July 29, 2021 - 7:15am

The pandemic has been a lesson in power: nothing can compete, it turns out, with the combined force of the modern state and the medical establishment. Western governments have long had extraordinary capacities for surveillance, control and punishment — but it’s only when they started “following the science” that this actually translated into people being fined for sitting on park benches, banned from seeing relatives, and now, some predict, subjected to a social-credit-style regime of vaccine passports and semi-compulsory health monitoring. Suddenly the decades of Lefty theorising about “biopolitics” and “techno-medical despotism” seem a bit less abstract.

Of course, you can regard the last eighteen months as a necessary, temporary episode rather than a sinister new dawn. But either way, it casts a fresh light on familiar disputes about the state versus the individual. Take the current controversy over Alta Fixsler, a severely disabled two-year-old girl from Manchester. Her parents want to take her abroad for healthcare. The courts have prevented them, ruling that she should instead be taken off life support. Cue international outrage — especially from the US, where prominent politicians from Marco Rubio to Chuck Schumer have sided with Alta’s parents. Now Alta has been granted a US visa, even though the High Court had refused her permission to travel.

As with the cases of Charlie Gard and Alfie Evans, Alta’s story has exposed a strange detail of the British system: when parents and doctors disagree about a gravely-ill child, a judge has to decide on that child’s “best interests” without giving special weight to the parents’ wishes. If the doctors say they think extra treatment or care is too burdensome, the court is very likely to back the doctors over the parents — in other words, to “follow the science.”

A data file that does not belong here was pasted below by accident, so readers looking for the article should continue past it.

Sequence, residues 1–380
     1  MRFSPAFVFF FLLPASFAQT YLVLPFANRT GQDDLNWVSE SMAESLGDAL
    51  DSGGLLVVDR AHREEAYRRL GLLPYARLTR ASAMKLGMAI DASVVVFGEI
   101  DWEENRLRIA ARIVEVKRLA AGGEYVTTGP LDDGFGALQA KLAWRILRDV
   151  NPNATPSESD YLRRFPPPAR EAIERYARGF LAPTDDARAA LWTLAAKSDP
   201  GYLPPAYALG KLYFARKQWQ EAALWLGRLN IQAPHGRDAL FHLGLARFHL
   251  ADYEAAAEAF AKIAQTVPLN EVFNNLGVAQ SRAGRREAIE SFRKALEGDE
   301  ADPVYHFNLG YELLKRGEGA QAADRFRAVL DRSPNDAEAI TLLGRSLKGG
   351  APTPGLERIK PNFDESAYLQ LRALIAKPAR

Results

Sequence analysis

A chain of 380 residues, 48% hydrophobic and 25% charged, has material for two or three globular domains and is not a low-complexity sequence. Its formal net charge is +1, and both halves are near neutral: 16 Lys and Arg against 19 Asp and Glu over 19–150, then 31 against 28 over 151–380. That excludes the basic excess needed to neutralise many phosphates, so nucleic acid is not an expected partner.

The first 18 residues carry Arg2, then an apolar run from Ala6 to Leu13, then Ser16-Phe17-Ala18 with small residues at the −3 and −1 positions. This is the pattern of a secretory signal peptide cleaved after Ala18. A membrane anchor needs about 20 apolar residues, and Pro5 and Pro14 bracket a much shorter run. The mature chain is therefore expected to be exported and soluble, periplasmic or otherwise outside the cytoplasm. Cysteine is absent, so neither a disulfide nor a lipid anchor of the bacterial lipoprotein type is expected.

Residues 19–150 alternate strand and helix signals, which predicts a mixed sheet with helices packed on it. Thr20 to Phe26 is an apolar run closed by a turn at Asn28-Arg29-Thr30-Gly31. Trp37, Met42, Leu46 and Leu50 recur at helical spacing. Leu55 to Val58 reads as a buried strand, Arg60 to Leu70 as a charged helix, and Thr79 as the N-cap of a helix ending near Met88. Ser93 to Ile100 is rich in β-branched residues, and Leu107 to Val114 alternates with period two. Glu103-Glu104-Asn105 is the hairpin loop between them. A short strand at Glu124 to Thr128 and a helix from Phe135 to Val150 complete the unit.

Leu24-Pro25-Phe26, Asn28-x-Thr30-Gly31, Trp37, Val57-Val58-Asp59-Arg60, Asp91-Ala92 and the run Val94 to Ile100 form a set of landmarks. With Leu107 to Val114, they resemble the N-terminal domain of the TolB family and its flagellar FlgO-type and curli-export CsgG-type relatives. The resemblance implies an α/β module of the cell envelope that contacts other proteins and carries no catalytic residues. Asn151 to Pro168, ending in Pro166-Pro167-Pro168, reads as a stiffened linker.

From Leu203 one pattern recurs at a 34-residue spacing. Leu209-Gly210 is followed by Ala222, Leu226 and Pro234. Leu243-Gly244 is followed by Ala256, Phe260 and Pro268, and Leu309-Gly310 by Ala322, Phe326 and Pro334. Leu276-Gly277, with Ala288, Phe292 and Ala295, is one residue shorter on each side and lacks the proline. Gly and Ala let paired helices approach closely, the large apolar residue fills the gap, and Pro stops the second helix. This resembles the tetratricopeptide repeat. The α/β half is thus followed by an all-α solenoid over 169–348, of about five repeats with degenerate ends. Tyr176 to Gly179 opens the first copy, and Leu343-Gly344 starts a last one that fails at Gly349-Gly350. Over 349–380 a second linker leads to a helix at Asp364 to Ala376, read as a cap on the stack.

True, parents’ rights shouldn’t be unlimited; true, doctors are the experts. But the experts have sometimes got these cases wrong; and the heartbreaking result of the UK system is that parents are prevented from even trying to save their children’s lives. At the Court of Appeal, Lord Justice Baker conceded that the current law can seem cruel. “I understand why [Alta’s parents]have pursued this appeal and deeply regret that I cannot do more to help them,” he said in his ruling. “As a judge, however, my duty is to apply the law.”

There is a movement to reform that law: instead of judges and doctors deciding on a child’s “best interests”, a court could only overrule parents’ wishes if doctors show that the child is at risk of “significant harm.” There are several good reasons to hope for such a change. It would acknowledge the rights of parents; it would prevent national embarrassment the next time this happens; and by checking the power of doctors over life-and-death decisions, it would be a small sign that we aren’t doomed to live under a medical tyranny.

Dan Hitchens writes the newsletter ‘The Pineapple’ and is former editor of the Catholic Herald